Glad you like them, TDF.
Most people seem to have gotten into this hobby with a bias towards a particular facet of the setting. That is particularly evident on the B&C, where each particular facet of the setting that is B&C-relevant has their own forum or subforum. Members have a tendency to frequent only those forums specific to their particular interests. It’s not universal, there are plenty of us who peek into all corners of the B&C. It’s not unexpected, or altogether ‘wrong.’ The hobby side of things can be expensive, and so people choose those armies they like best. Why wouldn’t members spend the majority, if not all, of their time on the B&C where their chosen factions are the focus? Even though I have an interest in any faction of this setting, and don’t partake of the hobby, I did choose a side, that of the DIY, that of fluff over crunch. My own involvement in the B&C reflects my interests, which means I rarely look into the modeling forum and have only ever gone to the army list sections by accident. Everywhere else, I look into for lore, ideas and DIY concepts.
This is all well and good, something that nearly every member of B&C can probably relate to, having a preference. But there can also be a flipside to this bias, that of a bias against something within this setting. This is not uncommon either, and kind of comes with the territory. Once you have chosen a side, the other side is the other side. Interests will always vary, so this isn’t necessarily a bad thing either, and this experiment isn’t about getting over something you really just don’t like. Nevertheless, there may be value to be found in exploring them nonetheless. This will be the intent of this week’s experiment. Not to explore your own DIYs, but those corners of the setting you least frequent or are interested in. It doesn’t need to change your mind, because you may find value in the experiment even if you end up in the same place you started.
So choose the other side for once. Explore what it is that makes it so undesirable. Pinpoint the things that turn you off from them. Separate it out from the rest, and see what is left. Is there anything there that speaks to you in some way? What if you changed the things you removed, and made them into something else? Maybe you’re exploring this because your DIY is the protagonist of your vision of the setting, and you want their antagonists to be more believable, more interesting. Maybe they’re not directly opposed, but still at odds, perhaps even allies, if in name only. Maybe there is no connection to your existing DIYs.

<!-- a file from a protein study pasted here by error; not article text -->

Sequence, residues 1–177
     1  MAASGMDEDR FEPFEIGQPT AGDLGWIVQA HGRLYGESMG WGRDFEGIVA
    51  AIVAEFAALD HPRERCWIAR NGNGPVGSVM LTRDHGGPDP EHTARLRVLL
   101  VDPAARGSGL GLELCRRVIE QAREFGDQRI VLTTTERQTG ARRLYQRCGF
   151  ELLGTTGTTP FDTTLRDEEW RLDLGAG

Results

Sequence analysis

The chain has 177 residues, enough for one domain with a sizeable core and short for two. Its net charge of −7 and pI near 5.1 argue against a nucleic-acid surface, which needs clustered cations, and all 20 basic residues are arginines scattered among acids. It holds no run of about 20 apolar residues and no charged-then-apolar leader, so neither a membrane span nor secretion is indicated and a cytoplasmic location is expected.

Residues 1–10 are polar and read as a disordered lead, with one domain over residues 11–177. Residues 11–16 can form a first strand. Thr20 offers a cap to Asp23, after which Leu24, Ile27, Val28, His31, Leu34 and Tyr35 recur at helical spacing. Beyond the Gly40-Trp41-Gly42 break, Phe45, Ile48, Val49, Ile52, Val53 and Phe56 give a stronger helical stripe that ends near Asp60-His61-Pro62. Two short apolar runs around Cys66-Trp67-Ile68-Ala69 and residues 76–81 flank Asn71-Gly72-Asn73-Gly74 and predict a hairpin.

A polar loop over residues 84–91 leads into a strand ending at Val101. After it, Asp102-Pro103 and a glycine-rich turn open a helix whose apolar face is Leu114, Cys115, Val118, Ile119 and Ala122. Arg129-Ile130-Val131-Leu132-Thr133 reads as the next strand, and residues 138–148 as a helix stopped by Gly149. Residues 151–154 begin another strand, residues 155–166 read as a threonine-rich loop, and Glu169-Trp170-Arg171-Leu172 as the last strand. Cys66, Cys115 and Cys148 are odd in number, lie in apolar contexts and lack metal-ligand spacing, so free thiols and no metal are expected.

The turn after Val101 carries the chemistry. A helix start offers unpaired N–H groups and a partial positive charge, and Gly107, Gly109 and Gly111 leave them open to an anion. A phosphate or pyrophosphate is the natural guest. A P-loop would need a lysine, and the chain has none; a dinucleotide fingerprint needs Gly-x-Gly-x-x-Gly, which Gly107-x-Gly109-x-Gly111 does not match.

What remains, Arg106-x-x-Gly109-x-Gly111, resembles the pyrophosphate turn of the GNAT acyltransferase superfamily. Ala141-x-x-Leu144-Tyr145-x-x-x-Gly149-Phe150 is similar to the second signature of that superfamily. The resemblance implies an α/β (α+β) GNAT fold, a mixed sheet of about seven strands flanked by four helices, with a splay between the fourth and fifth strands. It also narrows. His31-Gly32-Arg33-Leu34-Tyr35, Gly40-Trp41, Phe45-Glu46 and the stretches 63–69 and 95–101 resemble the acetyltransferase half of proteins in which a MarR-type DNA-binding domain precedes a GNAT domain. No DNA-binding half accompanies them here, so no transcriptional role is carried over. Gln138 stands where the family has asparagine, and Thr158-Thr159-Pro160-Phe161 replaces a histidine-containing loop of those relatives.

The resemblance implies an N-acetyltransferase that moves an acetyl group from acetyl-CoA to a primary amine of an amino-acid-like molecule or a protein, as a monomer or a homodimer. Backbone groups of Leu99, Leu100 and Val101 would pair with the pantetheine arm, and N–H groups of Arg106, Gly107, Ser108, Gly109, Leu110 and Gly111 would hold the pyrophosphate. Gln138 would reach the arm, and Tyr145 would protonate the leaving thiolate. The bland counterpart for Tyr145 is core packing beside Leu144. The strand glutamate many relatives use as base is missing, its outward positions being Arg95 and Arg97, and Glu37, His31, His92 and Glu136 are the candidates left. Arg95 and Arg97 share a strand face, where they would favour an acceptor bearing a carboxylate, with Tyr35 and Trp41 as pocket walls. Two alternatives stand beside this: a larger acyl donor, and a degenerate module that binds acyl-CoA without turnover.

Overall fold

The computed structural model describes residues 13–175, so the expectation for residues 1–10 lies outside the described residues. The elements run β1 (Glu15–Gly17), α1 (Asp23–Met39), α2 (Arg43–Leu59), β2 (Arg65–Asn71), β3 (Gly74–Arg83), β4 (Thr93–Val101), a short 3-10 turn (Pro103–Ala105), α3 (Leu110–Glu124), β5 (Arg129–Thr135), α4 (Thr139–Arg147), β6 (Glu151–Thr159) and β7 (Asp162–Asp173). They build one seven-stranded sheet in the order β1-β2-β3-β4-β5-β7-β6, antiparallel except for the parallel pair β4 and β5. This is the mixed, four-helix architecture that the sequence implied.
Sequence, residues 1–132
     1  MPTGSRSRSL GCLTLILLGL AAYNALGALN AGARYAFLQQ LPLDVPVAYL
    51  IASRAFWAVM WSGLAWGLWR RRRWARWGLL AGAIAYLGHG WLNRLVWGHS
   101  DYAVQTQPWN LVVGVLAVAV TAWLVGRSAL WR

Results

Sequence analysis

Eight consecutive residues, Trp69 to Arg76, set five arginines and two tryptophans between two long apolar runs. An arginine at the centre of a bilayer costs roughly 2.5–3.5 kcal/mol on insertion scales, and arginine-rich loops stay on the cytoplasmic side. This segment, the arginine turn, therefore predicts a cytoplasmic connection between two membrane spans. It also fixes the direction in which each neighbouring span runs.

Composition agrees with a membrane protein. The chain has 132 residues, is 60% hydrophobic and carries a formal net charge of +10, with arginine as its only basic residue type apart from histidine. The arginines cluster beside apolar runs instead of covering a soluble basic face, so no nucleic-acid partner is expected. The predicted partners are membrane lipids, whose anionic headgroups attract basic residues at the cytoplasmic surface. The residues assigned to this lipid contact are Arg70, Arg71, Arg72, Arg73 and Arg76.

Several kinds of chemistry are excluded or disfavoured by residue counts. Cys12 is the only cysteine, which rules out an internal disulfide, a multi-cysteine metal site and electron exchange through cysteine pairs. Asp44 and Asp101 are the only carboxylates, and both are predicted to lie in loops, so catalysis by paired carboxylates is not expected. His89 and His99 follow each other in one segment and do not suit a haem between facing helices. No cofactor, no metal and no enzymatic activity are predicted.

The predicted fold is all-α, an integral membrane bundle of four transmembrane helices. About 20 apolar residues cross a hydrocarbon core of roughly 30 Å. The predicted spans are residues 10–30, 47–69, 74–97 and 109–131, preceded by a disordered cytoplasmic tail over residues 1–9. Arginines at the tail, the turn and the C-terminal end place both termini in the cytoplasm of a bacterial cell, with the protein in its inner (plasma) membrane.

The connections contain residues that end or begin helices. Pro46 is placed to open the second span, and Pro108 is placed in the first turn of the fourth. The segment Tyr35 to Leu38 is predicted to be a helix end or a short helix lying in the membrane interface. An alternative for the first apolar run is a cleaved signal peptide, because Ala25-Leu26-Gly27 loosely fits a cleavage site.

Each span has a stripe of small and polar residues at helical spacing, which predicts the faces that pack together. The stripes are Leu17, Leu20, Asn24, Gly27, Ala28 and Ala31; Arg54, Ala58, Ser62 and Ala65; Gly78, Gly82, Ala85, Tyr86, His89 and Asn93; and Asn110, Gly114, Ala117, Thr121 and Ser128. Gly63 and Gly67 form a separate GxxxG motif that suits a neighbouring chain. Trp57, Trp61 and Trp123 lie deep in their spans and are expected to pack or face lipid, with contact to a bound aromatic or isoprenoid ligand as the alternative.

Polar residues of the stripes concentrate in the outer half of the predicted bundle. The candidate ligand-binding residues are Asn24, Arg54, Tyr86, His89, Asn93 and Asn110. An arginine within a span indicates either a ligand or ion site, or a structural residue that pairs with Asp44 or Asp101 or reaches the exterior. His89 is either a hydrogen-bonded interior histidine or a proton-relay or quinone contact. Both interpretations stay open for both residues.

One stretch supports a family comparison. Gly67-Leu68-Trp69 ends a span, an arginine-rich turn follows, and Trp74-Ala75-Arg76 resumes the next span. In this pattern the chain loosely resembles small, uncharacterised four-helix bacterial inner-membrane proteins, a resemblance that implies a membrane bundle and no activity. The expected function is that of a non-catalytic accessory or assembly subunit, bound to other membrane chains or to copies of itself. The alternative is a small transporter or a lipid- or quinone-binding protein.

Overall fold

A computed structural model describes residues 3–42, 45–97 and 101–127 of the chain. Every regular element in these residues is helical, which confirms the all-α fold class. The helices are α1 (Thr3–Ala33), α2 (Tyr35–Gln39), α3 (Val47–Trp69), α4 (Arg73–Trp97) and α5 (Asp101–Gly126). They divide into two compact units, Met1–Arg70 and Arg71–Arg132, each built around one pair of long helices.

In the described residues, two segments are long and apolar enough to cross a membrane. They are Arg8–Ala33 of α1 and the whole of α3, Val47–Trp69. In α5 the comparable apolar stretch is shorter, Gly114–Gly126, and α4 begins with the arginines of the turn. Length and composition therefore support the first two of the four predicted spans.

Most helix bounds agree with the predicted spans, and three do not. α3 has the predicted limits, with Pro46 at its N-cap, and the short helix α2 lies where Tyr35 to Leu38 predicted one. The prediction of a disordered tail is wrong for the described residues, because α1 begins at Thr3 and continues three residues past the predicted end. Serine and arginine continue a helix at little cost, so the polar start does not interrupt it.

Once again, this isn’t necessarily about getting people to change their minds. I don’t expect someone to choose a greatly disliked faction, and suddenly decide that they need to buy and build a whole new army because of how this experiment got them to think. If, by the end of this experiment, you’re still not interested in them, so be it. But, maybe you will find something. Maybe you will force yourself to look at something differently, from a new angle, and find that you like what you see. Or, maybe as you’re exploring this experiment, you’ll come across something special, that you want to take note of and utilize for something else entirely.
I had the idea for this experiment when I started thinking about those members who have chosen, clearly and loudly, the sides they oppose. I was thinking about why this position seemed so alien to me, why I never became like that. I never thought it was wrong, as long as it didn’t bleed out and hurt the fun of others, it was just not a sentiment I could relate to. I started thinking about how I first got involved in Warhammer 40k, why I decided to go the DIY
route, and why I ended up choosing all of the sides as a favored side. What I realized I had done to get to that point I felt could make a good experiment, so I hope it made sense. Since I have, technically, already gone through this experiment, I figure I’ll type out what that experience was that got me to this point as my submission. Consider it an example of what this experiment did for one person. Whether it’ll do the same for anyone else, who knows.
For me, enjoying the setting as an encompassing whole, started by looking at everything for something I could distill into a DIY
concept. In the end, I found it everywhere. Maybe it helped that I started this process early in my involvement, and that I was already well and truly into the process before I came across the B&C as my first, true 40k community. But, maybe I would have reached the same endpoint either way.
I came into this hobby through the Dawn of War videogames. There, I found myself much preferring the aesthetic of the Loyalists over Chaos and Xenos, as well as with the characters and voice-acting. I was immediately just another Imperial Space Marine fan, and I just did not like Chaos (or Xenos, because homo sapiens forever). At this point, my one DIY
wasn’t much more than a name (Emerald Tigers), a color scheme, and was a complete mishmash of the only two Chapters I had much interest in: Space Wolves and Raven Guard. Raven Guard, because I was always a fan of the sneak, the thief, the assassin, the silent death. Space Wolves, because of the Ragnar trilogies, which is ironically now my least favorite depiction of the Wolves. This DIY
needed an antagonist, so I created two Traitor Warband colors, gave them terrible names (Winter Court/Summer Court), and lo, here were the bad guys. I had no real interest in their original Legions, and one of them remained one of the hardest aesthetical looks for me to get into. It took a sudden desire to give my antagonists more depth, as a means to explain the DIY
Chapter by giving them an opponent that was more than just a paper cutout Chaos Marine.